She bases her argument on a controversial idea called hormesis. The basic idea of hormesis is that certain environmental pollutants be they PCBs or ionizing radiation are harmful until you get to low dosages which mysteriously become beneficial. Proponents of this idea point to studies from a wide range of organisms that suggest that the phenomenon may indeed exist. But to argue as Coulter seems to that this means that government radiation safety levels are somehow useless seems to me to be the height of stupidity.
A bit of Coulter's reasoning can be seen in this quote from her article:
"I guess good radiation stories are not as exciting as news anchors warning of mutant humans and scary nuclear power plants -- news anchors who, by the way, have injected small amounts of poison into their foreheads to stave off wrinkles. Which is to say: The general theory that small amounts of toxins can be healthy is widely accepted --except in the case of radiation.
Every day Americans pop multivitamins containing trace amount of zinc, magnesium, selenium, copper, manganese, chromium, molybdenum, nickel, boron -- all poisons."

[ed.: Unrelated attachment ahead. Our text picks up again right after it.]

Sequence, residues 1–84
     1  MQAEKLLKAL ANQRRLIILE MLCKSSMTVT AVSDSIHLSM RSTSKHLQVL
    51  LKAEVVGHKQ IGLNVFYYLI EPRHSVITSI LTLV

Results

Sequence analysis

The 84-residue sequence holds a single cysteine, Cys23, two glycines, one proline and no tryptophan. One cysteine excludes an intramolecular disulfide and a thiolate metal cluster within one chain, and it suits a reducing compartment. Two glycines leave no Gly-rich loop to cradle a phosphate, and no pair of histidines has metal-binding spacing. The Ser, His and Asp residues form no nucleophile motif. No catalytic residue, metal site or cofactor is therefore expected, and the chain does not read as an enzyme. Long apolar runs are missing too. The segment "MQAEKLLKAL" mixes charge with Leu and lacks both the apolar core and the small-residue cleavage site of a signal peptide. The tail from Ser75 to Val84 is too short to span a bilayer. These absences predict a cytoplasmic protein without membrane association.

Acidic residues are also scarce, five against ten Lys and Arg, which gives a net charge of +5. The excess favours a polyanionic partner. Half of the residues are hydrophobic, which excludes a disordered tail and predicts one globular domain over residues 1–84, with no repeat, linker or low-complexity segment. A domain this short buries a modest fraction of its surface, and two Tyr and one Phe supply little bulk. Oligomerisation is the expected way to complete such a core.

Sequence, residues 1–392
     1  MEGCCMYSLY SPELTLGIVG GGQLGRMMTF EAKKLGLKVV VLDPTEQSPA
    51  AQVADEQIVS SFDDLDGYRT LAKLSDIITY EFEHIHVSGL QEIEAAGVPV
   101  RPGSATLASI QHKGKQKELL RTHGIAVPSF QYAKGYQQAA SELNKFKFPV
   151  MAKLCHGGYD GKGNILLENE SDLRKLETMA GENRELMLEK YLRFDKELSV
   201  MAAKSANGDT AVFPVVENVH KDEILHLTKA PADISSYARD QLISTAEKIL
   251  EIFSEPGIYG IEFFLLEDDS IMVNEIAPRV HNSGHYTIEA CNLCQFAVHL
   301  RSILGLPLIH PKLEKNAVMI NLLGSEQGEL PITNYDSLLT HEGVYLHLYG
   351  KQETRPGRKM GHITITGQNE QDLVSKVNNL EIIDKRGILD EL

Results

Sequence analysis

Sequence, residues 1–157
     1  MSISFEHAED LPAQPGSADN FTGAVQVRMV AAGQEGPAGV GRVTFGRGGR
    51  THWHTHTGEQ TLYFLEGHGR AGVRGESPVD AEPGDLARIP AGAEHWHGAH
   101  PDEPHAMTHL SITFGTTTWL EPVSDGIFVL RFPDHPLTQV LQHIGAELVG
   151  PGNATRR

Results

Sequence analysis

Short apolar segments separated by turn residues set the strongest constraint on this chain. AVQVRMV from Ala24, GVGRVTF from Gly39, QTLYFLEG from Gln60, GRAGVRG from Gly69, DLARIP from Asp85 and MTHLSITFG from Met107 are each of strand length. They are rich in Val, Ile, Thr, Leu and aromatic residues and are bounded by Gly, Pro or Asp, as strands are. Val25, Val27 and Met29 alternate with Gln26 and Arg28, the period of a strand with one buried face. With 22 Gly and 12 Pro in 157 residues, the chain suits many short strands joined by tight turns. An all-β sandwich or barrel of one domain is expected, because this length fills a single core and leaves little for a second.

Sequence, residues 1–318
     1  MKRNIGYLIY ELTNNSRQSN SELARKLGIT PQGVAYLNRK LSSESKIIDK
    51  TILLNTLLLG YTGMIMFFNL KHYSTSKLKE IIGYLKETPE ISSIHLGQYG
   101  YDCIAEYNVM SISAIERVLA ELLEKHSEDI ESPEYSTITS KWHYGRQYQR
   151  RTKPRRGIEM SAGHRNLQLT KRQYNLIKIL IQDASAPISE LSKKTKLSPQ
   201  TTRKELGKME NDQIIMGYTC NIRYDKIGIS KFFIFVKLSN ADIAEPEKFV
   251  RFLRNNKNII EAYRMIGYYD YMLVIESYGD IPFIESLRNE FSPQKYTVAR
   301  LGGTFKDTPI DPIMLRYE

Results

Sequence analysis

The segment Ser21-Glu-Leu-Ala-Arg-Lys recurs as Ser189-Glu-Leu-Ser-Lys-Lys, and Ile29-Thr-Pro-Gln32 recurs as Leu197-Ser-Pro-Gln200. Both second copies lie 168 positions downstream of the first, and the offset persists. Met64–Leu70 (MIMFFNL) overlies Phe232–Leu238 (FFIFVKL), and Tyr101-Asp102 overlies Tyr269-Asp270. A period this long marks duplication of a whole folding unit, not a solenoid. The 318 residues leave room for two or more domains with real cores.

So would she then argue that more is better? In the radiation case it may well be that DNA repair mechanisms are activated by low levels of radiation but that is precisely in response to the harmful effects of DNA, not because the radiation is beneficial.
A good critique of Coulter's ideas is at PZ Myer's blog: http://scienceblogs.com/pharyngula/2011/03/will_radiation_hormesis_protec.php
Coulter by the way, is an alumna of Cornell University which goes to show that you can show a person to how to think but you can't make them think.